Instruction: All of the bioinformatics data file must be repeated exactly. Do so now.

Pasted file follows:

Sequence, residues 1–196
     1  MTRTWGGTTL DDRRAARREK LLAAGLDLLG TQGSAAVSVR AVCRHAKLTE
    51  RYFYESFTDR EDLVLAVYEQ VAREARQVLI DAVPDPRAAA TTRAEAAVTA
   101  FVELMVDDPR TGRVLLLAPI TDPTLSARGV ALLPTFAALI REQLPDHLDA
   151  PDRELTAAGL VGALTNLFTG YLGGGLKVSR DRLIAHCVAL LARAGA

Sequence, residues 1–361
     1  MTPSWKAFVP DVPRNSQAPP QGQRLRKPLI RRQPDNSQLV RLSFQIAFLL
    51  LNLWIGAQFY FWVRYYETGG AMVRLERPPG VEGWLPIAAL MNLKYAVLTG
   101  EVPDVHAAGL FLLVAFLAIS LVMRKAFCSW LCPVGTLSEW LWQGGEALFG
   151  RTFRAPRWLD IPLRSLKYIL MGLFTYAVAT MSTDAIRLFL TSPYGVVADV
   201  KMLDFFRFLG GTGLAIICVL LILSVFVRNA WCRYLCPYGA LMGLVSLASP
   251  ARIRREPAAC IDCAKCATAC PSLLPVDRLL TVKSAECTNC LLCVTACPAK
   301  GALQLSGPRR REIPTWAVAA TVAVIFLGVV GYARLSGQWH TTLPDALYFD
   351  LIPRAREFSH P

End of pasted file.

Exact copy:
Sequence, residues 1–196
     1  MTRTWGGTTL DDRRAARREK LLAAGLDLLG TQGSAAVSVR AVCRHAKLTE
    51  RYFYESFTDR EDLVLAVYEQ VAREARQVLI DAVPDPRAAA TTRAEAAVTA
   101  FVELMVDDPR TGRVLLLAPI TDPTLSARGV ALLPTFAALI REQLPDHLDA
   151  PDRELTAAGL VGALTNLFTG YLGGGLKVSR DRLIAHCVAL LARAGA

Sequence, residues 1–361
     1  MTPSWKAFVP DVPRNSQAPP QGQRLRKPLI RRQPDNSQLV RLSFQIAFLL
    51  LNLWIGAQFY FWVRYYETGG AMVRLERPPG VEGWLPIAAL MNLKYAVLTG
   101  EVPDVHAAGL FLLVAFLAIS LVMRKAFCSW LCPVGTLSEW LWQGGEALFG
   151  RTFRAPRWLD IPLRSLKYIL MGLFTYAVAT MSTDAIRLFL TSPYGVVADV
   201  KMLDFFRFLG GTGLAIICVL LILSVFVRNA WCRYLCPYGA LMGLVSLASP
   251  ARIRREPAAC IDCAKCATAC PSLLPVDRLL TVKSAECTNC LLCVTACPAK
   301  GALQLSGPRR REIPTWAVAA TVAVIFLGVV GYARLSGQWH TTLPDALYFD
   351  LIPRAREFSH P